Benchmarking MPI implementations on ARM

Author: Nick Brown
Posted: 30 Aug 2019 | 11:32

The recent installation of Fulhame, the ARM HPC machine based here in EPCC as part of the Catalyst UK programme, raises plenty of interesting opportunities for exploring the HPC software ecosystem for ARM. One such aspect is the relative performance of different MPI implementations on these machines and this is what I was talking about last week at the MVAPICH User Group (MUG) workshop.

There are three implementations of MPI installed on Fulhame: MVAPICH2, OpenMPI, and HPE's MPT. I used four common HPC applications to explore the relative performance properties of each of them, along with the OSU benchmarks to try to explain some of the reasons for the performance behaviour that we saw.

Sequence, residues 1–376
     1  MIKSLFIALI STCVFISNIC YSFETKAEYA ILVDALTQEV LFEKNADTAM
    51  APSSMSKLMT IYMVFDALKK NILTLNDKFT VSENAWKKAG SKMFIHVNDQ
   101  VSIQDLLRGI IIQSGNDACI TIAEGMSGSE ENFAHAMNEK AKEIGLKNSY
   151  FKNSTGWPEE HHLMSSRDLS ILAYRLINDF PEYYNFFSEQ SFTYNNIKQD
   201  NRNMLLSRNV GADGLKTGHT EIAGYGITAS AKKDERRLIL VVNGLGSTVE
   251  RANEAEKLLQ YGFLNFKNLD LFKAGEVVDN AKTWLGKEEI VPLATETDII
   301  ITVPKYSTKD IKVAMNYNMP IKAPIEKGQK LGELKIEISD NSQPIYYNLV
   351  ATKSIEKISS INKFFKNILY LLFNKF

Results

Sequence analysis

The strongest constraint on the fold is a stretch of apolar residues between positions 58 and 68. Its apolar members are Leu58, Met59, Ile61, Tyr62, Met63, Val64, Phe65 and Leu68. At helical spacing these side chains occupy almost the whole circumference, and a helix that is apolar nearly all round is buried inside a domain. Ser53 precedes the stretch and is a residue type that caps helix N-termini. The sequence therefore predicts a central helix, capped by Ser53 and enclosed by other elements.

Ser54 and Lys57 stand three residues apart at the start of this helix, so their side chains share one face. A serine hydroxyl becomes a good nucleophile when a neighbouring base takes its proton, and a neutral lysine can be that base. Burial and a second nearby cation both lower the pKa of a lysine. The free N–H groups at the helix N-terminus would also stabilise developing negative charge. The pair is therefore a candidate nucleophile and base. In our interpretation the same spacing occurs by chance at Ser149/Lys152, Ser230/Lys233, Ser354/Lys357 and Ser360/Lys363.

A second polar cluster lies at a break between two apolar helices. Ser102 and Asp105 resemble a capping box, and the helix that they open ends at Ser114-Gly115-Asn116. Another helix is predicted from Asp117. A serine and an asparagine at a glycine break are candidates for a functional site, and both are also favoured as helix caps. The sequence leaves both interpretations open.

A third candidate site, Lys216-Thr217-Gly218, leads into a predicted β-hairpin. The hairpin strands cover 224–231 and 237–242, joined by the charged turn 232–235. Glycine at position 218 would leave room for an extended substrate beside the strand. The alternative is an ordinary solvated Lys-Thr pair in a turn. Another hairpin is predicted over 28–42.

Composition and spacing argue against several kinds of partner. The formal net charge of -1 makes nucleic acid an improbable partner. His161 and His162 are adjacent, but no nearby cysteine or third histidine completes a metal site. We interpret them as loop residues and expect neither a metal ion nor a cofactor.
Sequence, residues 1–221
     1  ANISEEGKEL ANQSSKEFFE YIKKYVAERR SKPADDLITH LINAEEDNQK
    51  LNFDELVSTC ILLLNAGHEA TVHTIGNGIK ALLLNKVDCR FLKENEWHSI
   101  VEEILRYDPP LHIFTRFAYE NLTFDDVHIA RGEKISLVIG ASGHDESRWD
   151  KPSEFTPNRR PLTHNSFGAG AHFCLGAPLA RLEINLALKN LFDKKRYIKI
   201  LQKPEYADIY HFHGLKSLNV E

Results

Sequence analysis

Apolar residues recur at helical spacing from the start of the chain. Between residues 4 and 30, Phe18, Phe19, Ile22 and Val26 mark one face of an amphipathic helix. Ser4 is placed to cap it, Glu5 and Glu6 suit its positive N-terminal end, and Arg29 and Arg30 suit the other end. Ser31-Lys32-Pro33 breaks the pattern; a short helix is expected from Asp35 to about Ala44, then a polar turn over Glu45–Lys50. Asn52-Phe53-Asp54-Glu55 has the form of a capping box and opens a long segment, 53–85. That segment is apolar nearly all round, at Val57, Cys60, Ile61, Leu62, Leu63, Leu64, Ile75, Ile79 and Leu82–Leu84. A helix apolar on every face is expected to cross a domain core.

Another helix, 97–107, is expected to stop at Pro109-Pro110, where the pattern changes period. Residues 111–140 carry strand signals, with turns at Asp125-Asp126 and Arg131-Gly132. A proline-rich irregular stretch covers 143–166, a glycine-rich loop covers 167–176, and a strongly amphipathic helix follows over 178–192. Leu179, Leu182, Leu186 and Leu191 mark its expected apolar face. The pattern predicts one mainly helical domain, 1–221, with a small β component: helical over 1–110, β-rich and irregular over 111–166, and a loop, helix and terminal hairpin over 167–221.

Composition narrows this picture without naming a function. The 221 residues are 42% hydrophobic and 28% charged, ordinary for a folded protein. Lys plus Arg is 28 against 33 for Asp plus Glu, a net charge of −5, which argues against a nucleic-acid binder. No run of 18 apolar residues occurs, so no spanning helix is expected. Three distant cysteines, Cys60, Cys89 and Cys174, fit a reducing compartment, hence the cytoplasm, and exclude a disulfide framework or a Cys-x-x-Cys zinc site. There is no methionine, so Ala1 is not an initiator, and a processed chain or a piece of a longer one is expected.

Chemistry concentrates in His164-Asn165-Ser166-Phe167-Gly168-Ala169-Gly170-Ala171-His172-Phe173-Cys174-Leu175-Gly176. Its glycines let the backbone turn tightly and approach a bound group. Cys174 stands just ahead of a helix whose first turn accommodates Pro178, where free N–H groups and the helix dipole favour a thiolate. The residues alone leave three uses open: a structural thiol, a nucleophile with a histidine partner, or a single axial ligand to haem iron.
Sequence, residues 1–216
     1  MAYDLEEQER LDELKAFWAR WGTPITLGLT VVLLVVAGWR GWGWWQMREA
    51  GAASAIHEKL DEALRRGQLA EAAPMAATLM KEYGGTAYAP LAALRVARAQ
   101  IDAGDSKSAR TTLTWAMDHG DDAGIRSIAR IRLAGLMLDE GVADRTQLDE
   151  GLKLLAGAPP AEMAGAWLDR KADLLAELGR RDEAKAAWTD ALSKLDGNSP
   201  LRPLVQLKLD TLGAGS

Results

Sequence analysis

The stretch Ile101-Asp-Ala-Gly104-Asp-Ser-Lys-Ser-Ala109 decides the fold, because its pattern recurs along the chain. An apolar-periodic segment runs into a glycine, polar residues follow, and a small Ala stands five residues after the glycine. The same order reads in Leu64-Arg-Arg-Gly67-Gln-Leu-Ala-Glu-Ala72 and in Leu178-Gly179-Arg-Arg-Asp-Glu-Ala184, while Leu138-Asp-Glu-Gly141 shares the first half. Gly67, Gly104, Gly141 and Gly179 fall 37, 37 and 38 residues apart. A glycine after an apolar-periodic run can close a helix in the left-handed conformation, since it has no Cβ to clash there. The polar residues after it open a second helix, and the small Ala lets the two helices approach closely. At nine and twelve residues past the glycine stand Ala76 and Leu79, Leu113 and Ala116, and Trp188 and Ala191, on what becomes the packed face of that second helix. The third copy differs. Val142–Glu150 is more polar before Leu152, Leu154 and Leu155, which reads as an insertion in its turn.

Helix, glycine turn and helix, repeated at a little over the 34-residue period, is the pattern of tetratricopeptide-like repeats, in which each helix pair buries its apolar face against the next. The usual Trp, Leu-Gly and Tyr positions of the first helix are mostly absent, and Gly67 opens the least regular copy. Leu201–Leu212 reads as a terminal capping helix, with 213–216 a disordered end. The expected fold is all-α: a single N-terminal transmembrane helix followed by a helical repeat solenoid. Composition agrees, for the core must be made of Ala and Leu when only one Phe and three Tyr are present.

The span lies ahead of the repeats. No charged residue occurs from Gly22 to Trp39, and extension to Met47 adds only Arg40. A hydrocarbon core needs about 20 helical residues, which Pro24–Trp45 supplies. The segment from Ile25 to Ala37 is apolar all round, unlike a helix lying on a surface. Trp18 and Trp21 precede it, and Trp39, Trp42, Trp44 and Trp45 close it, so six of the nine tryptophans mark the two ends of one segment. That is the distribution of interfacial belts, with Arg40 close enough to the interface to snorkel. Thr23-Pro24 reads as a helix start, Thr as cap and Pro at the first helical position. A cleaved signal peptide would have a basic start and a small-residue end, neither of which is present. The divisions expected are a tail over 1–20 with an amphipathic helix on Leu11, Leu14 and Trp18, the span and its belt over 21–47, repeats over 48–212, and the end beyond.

We have quite a few HPC machines here at EPCC, so in addition to Fulhame I also compared MPI implementations on Cirrus (MVAPIC2 vs HPE's MPT) and ARCHER (Cray's MPICH), and it was really interesting to see the differences in relative performance between these technologies on ARM vs x86, as well as how the different technologies and interconnects faired in the OSU benchmarks. Instead of describing the results in detail here, I refer you to the video of my talk: 

The OSU team is in the process of gaining access to Fulhame so that MVAPICH can be tuned on this system and ARM in general. It is clear that MVAPICH is a really good choice, and the use of ARM in HPC is a very exciting prospect. Throughout my work with this system I found that not only did it work well with our codes, but also provided a stable, and rather mature, HPC ecosystem. As such I suspect we will see significant adoption of ARM-based systems (likely with MVAPICH installed!) across the Top500 in the next few years.

Video on A Performance Comparison of Different MPI Implementations on an ARM HPC System
Image: Fulhame system by Craig Manzi.


Nick Brown, EPCC

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